Another event that attracts a huge entry because anglers see the event as giving anyone a chance of winning is the European Championships fished at Bridlington. It also coincided with the worst of the month’s weather and just three codling were landed despite a huge entry of 2095 anglers, with the winner Karl Wiepcke, Goxhill winning the overall which included a car with a single 3lb codling he caught at Aldbrough. Big fish matches are the way to go if you want a larger entry, whilst pegged, catch and release will only attract the most dedicated match anglers.
The other event I fished recently, also a biggest fish event, was the Pollack Challenge out of Brighton, which is an annual event for me aboard Paul Dyer’s, Brighton Diver, which also carries Keith Arthur and the Sky Camera crew. With the BBC Shipping forecast giving gales it was touch and go whether the event took place, but fish we did although heading out to a wreck at thirty miles was a bit lumpy to say the least. However, the day calmed and some nice fish where landed by the 100 anglers taking part, including a 17lb 9oz specimen for Brighton Schoolboy, Connor Bonwick fishing on Terry Lee’s Brighton based Sea Breeze 3.
Keith and myself ended with three pollack a piece caught on a mix of jellies and Sidewinders with Keith’s best of 11lb and the best on our boat was third overall for Alan Milford who landed a 14lb 14oz lunker first drop. If you not tried lure fishing for pollack over a wreck it’s worth doing although the two-hour steam there and back does tax the brain.
With snow on my lawn at the time of writing this blog its difficult to get involved in the spring prospects but there already seems to be plenty of plaice around in the English Channel and it wont be long before the rays push inshore. Rumblings about smoothhound on Facebook seem a bit premature when Britain shivers in its worst spring weather for years. But all can change overnight, hopefully and it’s the hounds that most are looking forward to. Last year it was noticeable that the species has moved into the North Sea big time with Skegness region on the Lincs coast one of the best hound venues, Selsey and the Solent kept their end up as did South Wales and even Kent got in on the act at Sandown. But first the crabs need to peel, fingers crossed for some warm sunshine.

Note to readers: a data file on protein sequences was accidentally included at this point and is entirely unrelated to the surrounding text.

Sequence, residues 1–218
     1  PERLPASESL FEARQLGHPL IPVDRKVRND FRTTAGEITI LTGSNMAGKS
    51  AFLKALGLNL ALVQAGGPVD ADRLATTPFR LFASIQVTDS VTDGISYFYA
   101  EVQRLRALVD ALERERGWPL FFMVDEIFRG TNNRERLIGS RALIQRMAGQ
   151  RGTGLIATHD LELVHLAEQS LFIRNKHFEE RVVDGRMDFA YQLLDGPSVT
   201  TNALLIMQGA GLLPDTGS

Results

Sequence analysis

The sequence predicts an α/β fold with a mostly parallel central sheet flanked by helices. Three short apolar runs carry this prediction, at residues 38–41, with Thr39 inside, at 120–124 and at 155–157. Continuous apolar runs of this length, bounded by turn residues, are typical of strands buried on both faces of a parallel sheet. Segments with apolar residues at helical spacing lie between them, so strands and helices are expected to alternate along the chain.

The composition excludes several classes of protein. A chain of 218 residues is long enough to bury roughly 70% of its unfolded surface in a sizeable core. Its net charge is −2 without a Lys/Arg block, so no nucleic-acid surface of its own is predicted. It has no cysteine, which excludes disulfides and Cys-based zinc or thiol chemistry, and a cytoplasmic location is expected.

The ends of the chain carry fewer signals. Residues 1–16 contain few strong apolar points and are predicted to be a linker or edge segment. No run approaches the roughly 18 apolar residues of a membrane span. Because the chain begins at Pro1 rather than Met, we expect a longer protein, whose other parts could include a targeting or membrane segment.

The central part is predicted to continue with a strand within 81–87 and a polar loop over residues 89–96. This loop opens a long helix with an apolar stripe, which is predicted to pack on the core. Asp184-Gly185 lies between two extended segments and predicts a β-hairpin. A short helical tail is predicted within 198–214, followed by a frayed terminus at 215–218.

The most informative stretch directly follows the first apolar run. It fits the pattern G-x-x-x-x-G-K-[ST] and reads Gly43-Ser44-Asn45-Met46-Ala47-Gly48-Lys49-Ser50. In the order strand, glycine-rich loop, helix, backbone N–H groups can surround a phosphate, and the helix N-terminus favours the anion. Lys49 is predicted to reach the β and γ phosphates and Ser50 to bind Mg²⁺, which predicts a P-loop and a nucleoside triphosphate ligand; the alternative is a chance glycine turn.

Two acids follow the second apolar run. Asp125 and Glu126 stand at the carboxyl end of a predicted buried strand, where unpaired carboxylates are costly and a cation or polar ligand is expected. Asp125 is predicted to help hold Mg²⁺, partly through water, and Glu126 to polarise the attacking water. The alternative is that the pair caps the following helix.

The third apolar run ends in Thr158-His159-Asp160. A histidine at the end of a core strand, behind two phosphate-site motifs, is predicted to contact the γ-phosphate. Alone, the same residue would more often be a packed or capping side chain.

Staying with the changing format of competitions this one just had to happen and is possibly the way more events are going to go in the future. The Gerry’s Fishing Open in the Morecambe Bay area on the 7th of September, fishing 10am until 4pm involves all anglers owning a Camera with time date function and removable SD card. Your catch is snapped with the days bag label and returned. Check in from 9am Gerry’s Fishing or contact Sam or Chris 01524 422146. Email – email@example.com or facebook event – http://www.facebook.com/events/607757792585921/
Another catch and release event worth a look is the Rutherfords Conoflex 2 day open. On the 29th and 30th of June fishing two zones at Copthorne Hotel and British Airways Business Park on the river Tyne. All fish to count but there is a maximum hook size of 4. Entry is £30 for the two days, to book or for more info ring Andy Rutherford on 0191 5654183
The recent weather (blocking) pattern of low pressure locking in a high pressure area over the UK is prolonging the cold easterly winds – and these as most anglers know – are simply not good for fishing. The saying goes “When the wind blows from the East the fish bite least” and looking at the recent results that fact is proven. I was at Dungeness the other day and the huge flocks of cormorants inshore point to the large quantities of tiny species, whilst the bigger fish are long gone to deeper water. Amongst the rockling and tiny dabs and whiting there are an increasing number of plaice, flounder and on some days dogfish. But otherwise cod is now a forgotten word in the fishing tackle shops. Although saying that, anglers fishing Sandgate this week reported a number of undersized codling, best 34cm (the minimum size is 35cm) which were returned – it’s a long time since Kent experienced a spring codling run. The good news on the weather is that it will only take the jet stream and a stronger westerly airflow to dislodge the Scandinavian influence to our weather and then watch out for some sunshine, fingers crossed!